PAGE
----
The question then becomes what “technical perfection” consists in, and S illustrates this with an adze, which, though appearing fairly simple, has several different parts which have to be forged to the correct strength, etc.; “as if, in its totality, the tool was made of a plurality of functionally different zones, welded together” (72). The point is that:

The tool is made not only of form and matter; it is made of elaborate technical elements according to a certain schema of functioning, and assembled into a stable structure though the operation of fabrication. The tool unites within itself the results of the functioning of a technical ensemble. In order to make a good adze a technical ensemble of a foundry, forge, and quench hardening is required.

The technicity of an object is thus more than a quality of its use; it is that which, within it, adds itself to a first determination given by the relation between form and matter; it acts as an intermediary between form and matter …. Technicity is the degree of the object’s concretization.

Even a simple element, like a coil spring, requires a complex and advanced technical ensemble to produce it; “It would not be an exaggeration to say that the quality of a simple needle expresses the degree of perfection of a nation’s industry” (73). “What the element transports is a concretized technical reality” (73-4) of the ensemble that produced it, “just as seeds transport the properties of a species and go on to make new individuals” (74). Technicity as a “positive aspect” of the element corresponds to the role of the associated milieu in constituting the individual (73).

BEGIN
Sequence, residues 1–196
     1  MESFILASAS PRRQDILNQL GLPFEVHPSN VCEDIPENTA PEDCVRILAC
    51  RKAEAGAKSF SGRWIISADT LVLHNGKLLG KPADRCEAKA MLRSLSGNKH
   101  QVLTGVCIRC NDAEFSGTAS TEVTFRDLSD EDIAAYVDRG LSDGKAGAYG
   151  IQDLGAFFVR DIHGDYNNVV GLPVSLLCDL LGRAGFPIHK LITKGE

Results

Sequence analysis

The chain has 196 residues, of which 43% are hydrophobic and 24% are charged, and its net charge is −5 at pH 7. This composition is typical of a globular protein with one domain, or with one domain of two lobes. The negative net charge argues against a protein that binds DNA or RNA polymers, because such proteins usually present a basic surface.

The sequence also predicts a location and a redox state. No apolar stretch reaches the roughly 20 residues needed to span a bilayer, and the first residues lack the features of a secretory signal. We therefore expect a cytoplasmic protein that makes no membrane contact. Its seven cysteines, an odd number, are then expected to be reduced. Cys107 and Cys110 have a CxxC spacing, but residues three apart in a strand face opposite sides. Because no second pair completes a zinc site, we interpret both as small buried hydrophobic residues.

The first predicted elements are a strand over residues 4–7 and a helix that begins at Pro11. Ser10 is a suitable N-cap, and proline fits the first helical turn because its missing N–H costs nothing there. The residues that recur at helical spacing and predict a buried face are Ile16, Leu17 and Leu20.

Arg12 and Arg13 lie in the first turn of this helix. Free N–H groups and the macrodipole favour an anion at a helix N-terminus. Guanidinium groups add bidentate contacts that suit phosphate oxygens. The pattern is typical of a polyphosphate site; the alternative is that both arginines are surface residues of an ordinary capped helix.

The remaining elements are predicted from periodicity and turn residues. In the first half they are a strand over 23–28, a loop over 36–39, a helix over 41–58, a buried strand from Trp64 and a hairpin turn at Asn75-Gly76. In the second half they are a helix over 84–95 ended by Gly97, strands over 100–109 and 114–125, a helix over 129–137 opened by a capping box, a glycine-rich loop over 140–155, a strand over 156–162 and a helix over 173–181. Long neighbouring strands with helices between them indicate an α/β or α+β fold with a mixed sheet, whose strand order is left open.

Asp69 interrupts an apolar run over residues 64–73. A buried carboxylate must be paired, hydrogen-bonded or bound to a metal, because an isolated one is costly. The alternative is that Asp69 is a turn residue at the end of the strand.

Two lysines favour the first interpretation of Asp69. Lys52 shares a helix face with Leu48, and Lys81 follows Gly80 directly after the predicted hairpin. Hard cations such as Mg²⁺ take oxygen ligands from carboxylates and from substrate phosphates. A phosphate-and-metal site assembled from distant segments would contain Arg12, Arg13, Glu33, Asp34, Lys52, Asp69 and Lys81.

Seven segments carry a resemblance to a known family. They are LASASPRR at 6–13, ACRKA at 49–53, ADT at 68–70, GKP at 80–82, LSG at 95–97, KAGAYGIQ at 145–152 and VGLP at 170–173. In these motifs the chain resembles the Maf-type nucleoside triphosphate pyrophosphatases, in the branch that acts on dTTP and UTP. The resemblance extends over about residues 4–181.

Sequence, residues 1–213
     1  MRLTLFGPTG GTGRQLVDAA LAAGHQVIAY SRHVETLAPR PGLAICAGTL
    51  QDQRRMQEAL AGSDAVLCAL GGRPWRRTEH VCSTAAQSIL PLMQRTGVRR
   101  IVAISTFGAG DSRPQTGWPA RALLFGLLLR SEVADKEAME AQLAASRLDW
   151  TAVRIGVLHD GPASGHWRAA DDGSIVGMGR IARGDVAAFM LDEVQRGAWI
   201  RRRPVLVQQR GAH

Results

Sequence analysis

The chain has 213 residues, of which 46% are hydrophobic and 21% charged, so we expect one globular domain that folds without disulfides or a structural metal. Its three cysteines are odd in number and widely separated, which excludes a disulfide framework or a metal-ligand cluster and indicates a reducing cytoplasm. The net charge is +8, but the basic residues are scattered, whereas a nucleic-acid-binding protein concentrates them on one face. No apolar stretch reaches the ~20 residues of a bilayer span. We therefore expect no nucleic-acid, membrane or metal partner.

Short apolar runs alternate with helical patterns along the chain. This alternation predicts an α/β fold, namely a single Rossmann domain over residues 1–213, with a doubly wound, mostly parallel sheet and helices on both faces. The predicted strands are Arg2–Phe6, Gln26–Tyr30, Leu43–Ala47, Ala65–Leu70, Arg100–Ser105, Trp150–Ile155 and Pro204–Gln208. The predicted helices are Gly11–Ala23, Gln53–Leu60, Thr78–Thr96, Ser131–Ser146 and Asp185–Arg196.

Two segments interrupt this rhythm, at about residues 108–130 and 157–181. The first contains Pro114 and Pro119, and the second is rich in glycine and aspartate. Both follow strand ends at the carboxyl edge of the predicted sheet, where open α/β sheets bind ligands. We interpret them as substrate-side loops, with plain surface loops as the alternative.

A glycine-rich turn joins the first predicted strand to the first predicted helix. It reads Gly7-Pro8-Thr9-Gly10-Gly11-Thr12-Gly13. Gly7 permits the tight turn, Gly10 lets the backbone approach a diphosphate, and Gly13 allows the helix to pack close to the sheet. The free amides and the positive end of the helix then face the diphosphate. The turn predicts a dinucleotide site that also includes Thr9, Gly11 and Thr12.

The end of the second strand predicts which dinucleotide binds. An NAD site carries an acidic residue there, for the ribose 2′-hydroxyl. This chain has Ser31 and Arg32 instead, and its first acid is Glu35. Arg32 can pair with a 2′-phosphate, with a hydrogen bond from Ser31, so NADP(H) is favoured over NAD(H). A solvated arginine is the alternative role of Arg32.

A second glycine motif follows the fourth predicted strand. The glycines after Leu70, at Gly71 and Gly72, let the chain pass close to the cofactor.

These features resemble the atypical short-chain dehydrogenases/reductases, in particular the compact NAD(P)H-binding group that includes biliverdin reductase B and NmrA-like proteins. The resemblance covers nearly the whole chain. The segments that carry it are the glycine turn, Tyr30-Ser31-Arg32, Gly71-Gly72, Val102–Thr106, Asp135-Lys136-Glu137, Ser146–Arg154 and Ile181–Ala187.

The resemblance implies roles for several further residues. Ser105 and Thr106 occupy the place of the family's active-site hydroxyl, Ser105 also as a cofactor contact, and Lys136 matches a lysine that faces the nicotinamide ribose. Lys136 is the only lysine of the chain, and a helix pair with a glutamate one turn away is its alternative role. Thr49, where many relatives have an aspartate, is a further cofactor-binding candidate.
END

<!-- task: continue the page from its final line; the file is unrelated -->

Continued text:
Since this model of evolution does not have negativity a la the dialectic, invention appears to step in as the added ingredient causing progress. 

Invention, which is a creation of the individual, presupposes in the inventor the intuitive knowledge of the element’s technicity; invention occurs at this intermediate level between the concrete and the abstract, which is the level of schemas, and presupposes the pre-existence and coherence of representations that cover the object’s technicity with symbols belonging to an imaginative systematic and an imaginative dynamic. (74)

This appears to refer to not only an “individual” imagination, but a cultural imagination, involving representations and the capacity of prediction of new future individuals and ensembles assembled out of existing or possible elements. S does focus on the inventor as possessor of a particular sensitivity to the technicity of elements; yet the inventor does not give form to new elements and individuals out of the blue or out of their individual genius, but relies on the preexisting elements, ensembles, etc.

The technicities of elements are stable behaviors, or powers: “capacities for producing or undergoing an effect in a determinate manner” (75). S adds that “the higher the technicity of an element, the wider the conditions of deployment of this element are, as a result of the high level of stability of this element. He gives the example of a spring which can be used at a wide range of temperatures without losing its elasticity. Also, “the technical quality once again increases with the independence of its characteristics from the conditions of utilization;” S provides several technical examples, noting in passing that economic constraints affect the individual rather than the “element as element.” [Because it is at the individual level that cost might result in cheaper parts substituting for better or more efficient ones].